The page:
NATIONAL SLEEP FOUNDATION — Yes, most insurance policies cover CPAP. CPAP is considered to be durable medical equipment, and you can call your insurer to find out the specifics of your coverage. Deductibles and copayments for medical equipment may be different than what you pay for office visits or prescriptions. Medicaid does cover CPAP equipment, but it will need authorization. Supplies are covered separately, and the amount of coverage varies by state. Deductibles and copayments may apply depending on whether or not you have a secondary insurance.
Nasal pillow systems, nasal masks and full face masks are available in all sizes, shapes and styles from a variety of vendors. They are all effective. The delivery system selection is very personal. On the night of a CPAP titration study (similar to the sleep study), we encourage patients to try on a variety of different types, guided by our experienced technologists. We ask patients to choose a first and second choice and to let us know if they are uncomfortable during the night so they can make a change. We find that even with maximal attention to mask/pillow fit prior to the first night, about 10-15% of the time patients may have an issue with irritation, air leaks or discomfort and may need to make a change over the first few weeks to optimize adaptation.
Humidification of the air in your CPAP system can be extremely helpful in managing both dry mouth as well as a runny nose. Most current CPAP setups include humidification chambers. Studies have shown improved comfort and compliance when the humidity is used. The humidity setting may need to be adjusted, with a higher setting required in cold climates during the heating season. A persistently runny nose can be a problem and sometimes this is due to an allergy to the mask materials. Changing masks and brands is sometimes helpful. We have had to send some patients to see an allergist when a runny nose persists despite humidity and multiple mask changes.
Difficulty breathing with CPAP can be due to the newness of the experience or pressure problems. High prescribed pressures may be uncomfortable initially and low settings, such as 4 cm, may create a sensation of being “air starved.” Contact your homecare provider to check the accuracy of your equipment and discuss the problem with your sleep specialist so they can determine if a pressure adjustment is required.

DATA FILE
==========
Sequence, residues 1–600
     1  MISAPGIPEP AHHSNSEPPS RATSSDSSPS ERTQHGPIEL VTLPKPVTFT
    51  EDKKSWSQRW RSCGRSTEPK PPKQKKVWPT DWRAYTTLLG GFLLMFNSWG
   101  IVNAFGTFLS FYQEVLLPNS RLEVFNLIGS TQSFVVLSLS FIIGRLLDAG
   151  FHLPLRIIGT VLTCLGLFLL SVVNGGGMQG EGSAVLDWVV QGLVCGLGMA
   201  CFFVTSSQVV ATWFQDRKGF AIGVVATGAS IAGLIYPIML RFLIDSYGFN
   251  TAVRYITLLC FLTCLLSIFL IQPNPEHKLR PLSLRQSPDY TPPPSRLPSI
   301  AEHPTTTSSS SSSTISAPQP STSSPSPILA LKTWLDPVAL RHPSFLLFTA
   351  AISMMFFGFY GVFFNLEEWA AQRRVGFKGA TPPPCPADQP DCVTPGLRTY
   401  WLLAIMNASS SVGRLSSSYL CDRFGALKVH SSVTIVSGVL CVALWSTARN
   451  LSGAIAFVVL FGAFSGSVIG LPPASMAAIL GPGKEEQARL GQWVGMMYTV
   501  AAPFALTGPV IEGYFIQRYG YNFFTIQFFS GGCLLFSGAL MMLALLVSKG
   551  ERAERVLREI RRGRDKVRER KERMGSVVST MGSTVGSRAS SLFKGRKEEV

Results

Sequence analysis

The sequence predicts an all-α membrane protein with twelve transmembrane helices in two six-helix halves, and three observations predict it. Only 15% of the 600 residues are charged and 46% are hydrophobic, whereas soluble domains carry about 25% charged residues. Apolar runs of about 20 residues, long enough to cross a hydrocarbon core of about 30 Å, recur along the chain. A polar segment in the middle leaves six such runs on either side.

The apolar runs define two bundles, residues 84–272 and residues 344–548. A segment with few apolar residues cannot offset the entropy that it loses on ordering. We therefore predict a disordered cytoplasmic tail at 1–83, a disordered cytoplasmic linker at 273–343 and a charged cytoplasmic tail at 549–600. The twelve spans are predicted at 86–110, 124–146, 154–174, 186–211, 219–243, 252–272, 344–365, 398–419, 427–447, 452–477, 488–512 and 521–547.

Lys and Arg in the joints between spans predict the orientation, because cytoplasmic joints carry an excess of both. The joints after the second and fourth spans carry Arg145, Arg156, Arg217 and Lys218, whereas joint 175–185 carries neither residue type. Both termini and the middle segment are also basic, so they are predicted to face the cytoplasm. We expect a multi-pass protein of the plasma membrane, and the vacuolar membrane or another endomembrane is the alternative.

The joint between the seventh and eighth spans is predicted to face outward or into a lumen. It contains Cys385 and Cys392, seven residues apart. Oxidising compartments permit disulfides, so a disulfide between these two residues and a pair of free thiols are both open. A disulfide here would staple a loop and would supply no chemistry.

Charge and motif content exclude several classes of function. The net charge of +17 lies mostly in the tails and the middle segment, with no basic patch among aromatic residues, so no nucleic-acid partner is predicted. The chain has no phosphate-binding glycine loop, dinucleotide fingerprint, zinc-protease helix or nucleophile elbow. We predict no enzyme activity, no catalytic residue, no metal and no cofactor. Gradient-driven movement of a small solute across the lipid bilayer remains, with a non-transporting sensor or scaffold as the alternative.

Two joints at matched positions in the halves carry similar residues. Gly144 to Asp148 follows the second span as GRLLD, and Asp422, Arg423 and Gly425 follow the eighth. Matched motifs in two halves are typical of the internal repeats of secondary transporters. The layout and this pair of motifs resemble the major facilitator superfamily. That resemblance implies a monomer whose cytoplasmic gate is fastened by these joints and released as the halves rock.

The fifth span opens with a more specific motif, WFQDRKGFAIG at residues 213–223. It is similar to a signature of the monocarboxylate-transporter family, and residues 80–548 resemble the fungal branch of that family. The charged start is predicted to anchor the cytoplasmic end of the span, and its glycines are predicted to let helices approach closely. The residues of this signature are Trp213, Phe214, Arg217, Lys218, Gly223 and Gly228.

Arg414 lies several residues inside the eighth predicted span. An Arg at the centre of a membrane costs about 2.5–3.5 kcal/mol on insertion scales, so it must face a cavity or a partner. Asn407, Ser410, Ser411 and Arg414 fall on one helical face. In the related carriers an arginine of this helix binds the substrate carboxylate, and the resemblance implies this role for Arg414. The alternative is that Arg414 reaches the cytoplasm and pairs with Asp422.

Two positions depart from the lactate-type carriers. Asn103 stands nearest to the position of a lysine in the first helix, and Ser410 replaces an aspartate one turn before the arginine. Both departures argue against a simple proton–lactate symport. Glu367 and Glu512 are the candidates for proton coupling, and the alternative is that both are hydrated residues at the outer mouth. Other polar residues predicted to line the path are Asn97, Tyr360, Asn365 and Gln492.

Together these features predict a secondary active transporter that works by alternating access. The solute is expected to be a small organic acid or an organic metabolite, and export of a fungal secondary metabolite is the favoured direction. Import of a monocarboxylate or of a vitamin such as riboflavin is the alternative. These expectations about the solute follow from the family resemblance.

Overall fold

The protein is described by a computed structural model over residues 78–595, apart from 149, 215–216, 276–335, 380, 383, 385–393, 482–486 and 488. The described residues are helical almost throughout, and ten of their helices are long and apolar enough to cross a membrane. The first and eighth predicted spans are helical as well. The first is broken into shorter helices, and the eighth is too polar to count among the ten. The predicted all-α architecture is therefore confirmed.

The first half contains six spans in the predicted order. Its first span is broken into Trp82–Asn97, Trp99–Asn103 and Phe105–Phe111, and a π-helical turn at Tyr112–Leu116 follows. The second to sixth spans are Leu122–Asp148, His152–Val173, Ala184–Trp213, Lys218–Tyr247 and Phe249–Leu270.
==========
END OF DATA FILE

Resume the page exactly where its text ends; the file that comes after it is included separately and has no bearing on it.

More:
You should receive specific cleaning/maintenance instructions from the homecare company that delivers your equipment. We recommend taking the mask, tubing and headgear in the shower with you once a week, rinsing it with a mild dish soap (odorless or with a smell you can tolerate), hanging it over the showerhead to dry and remembering to hook it back up the next night. Filters should generally be checked once a month, more often if the environment is dusty. The humidifier chamber should be rinsed daily, and the use of distilled water will keep it clean and free of mineral deposits.
Studies show that at least 6 hours of CPAP usage per night is needed to reduce the long-term health risks of obstructive sleep apnea. We encourage our patients to put the CPAP on at lights out each night and to make every attempt to put it back on after nighttime awakenings. If there are frequent awakenings or if you are finding the mask on the floor in the morning, then pressure adjustment or a mask refitting may be necessary.
For technical problems with the equipment, check in with the homecare company. Your doctor/sleep lab should also provide troubleshooting services if the problem has to do with mask fit or pressure adjustments rather than the workings of the equipment itself.
The short answer here is that it is important to make an appointment to see your sleep doctor and go over the possible explanations. Persistent sleepiness may occur in a small percentage of patients with sleep apnea despite nightly use of the device for at least 7 hours. If sleepiness has not resolved after you have been fully adapted to the device for 4 to 6 weeks, then there are several possible explanations:
Dr. Helene A. Emsellem, director of the Center for Sleep and Wake Disorders in Chevy Chase, MD.